by Lou Stathis
Note: Thanks to Leighroy Ballaam for contibuting this appreciation of Philip K. Dick to the site.
from HEAVY METAL June 1982
It’s almost impossible to write an obituary for someone you care about deeply without sounding maudlingly sentimental Inevitably, the first thoughts to arise are selfish, and the pain ripping at you caused by the sense of your loss. It’s a personal and private thing.
Philip K. Dick died this past March 2, from a stroke he had suffered eleven days earlier. Expressing the shock and rage fired in me by Dick’s untimely death has proven excruciatingly difficult, the anguish knife-twisted by the stabbing realization that my chance to meet face-to-face the person whose work most influenced my life is gone. I’ve blown it, and it hurts. So this won’t be an obituary or eulogy. The only salve for the very tangible ache I feel is to ignore it-shut out the self-pitying selfishness and probe the special qualities of Dick’s writing that so profoundly touched me and a great many people I know as well Communicating a sense of this unique power might offer a small consolation.
Dick’s thirty-year body of work (forty published books, of which six collect most of the 100 short stories not adapted into novels) yields a compassionate and sensitive man’s complex response to an absurd world that sometimes seems out to get you. Individually, the books are inconsistent: crankily idiosyncratic, frequently brilliant but hastily written, and occasionally so full of holes that your fingers stick through. But you can’t let that matter.
The effect seeps in gradually over the course of several books, leaking through the cracked walls fortifying your worldview, taking root in your subconscious like some insidious contagion. Unaware of this steady erosion of complacency, you’re jolted by the sudden-dread realization:
In UBIK, common items form-devolve into their mechanistic ancestors.
In Time Out of Joint, a soft drink stand in a park disappears, and a piece of paper flutters to the ground. Printed on it are the words “SOFT DRINK STAND” and the facade crumbles. In The Three Stigmata of Palmer Eldritch, the title character’s leering visage of menace, slot-eyed and iron-jawed, intrudes into every aspect of the hallucinogenic-distorted reality of the protagonist.In “Faith of Our Fathers,” the hero stops taking his mandatory dose of hallucinogens and begins to perceive things as they really are. In The Penultimate Truth, the world’s population labors in subterranean factory-habitats manufacturing weapons for use in the devastating, aboveground war. Until someone climbs to the surface and discovers some-thing quite different. The cumulative impact is devastating.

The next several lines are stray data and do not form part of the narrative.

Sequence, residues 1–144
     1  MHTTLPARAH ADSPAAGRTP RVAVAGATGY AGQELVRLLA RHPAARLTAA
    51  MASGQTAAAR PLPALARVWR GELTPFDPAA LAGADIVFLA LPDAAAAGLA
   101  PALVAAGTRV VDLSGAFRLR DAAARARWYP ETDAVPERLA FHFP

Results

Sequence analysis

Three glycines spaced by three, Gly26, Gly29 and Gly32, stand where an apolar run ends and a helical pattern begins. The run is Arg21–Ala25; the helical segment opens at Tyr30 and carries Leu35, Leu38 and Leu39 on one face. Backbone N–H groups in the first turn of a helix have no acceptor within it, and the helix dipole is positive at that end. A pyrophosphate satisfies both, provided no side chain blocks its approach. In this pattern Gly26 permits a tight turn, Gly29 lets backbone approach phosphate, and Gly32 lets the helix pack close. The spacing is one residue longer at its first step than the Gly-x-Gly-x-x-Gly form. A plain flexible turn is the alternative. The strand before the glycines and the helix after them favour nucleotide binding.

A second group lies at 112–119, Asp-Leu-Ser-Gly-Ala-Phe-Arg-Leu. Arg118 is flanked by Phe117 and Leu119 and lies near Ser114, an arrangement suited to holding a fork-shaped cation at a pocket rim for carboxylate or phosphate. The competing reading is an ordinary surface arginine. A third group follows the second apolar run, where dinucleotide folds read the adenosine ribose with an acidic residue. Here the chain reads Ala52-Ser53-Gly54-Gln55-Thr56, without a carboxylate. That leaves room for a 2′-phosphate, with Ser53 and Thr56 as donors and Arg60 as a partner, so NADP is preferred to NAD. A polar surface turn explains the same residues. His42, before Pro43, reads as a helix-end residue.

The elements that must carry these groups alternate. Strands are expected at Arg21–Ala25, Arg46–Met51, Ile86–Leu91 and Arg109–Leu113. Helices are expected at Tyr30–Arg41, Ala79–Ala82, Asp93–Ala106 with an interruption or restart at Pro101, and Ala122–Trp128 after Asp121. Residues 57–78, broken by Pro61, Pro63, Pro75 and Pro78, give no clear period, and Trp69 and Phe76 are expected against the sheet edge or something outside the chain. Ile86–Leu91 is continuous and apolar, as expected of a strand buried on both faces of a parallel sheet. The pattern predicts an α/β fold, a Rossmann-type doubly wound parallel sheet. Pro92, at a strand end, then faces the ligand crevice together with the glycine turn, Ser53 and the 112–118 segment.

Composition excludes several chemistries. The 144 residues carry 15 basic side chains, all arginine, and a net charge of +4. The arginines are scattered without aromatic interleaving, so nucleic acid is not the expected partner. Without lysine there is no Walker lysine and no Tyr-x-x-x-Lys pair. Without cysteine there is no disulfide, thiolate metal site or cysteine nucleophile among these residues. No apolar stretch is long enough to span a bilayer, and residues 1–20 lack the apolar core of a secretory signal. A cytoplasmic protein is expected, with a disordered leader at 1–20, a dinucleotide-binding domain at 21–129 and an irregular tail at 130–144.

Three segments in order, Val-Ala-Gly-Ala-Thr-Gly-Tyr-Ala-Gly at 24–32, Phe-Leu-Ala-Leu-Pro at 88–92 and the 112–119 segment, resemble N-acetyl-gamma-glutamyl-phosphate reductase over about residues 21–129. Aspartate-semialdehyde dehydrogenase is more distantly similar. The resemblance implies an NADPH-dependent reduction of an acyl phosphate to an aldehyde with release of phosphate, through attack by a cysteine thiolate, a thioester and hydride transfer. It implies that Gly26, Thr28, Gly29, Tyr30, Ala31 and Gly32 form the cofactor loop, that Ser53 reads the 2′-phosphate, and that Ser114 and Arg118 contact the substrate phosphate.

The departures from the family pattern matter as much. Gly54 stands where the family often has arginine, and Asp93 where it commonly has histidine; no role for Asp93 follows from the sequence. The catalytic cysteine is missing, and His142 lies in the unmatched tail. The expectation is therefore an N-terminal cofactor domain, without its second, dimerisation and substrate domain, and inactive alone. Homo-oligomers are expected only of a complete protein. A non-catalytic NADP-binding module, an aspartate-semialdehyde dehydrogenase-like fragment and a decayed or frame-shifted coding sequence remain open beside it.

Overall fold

In Dick’s universe you take nothing for granted. Not only have all authority figures lied to you, but reality has lied to you as well. Says a character in Galactic Pot Healer, “In our society. everybody is aced out.” But however paranoid, Dick’s vision isn’t despairing. There is always hopefulness within the entropic decay, humor in the absurdity, and redemption in the superhuman abilities of ordinary humans to cope with extraordinary circumstances. We can make it. We may not triumph heroically (who the hell does. anyway?), but. goddamn it, we’ll survive. Humans will survive as long as they retain their humanity, Dick says, and the measure of humanity is the capacity for caring.
In both The Zap Gun and Do Androids Dream of Electric Sheep? the characters’ ability to feel empathy both marks them as human (distinguishable from near-perfect simulacra, in the latter) and assures their salvation (learning empathy from a children’s toy saves them from an alien invasion, in the former). And it’s all so flicking ironic. . . a writer most concerned with the power of human caring was cared for so little by the rest of us. And now just as he had achieved some measure of comfort in his life, recognition and appreciation for his value as a contemporary American writer, and seemingly imminent mass-culture success (courtesy of Blade Runner-by all accounts. including Dick s own, an accurate portrayal of his vision) he dies.
It’s so maddening it’s almost funny-and as Dick was driven to find the humor in even the most hopeless of circumstances. I’m sure somewhere he’s getting one goddamn big laugh out of this. I hope I will at some point.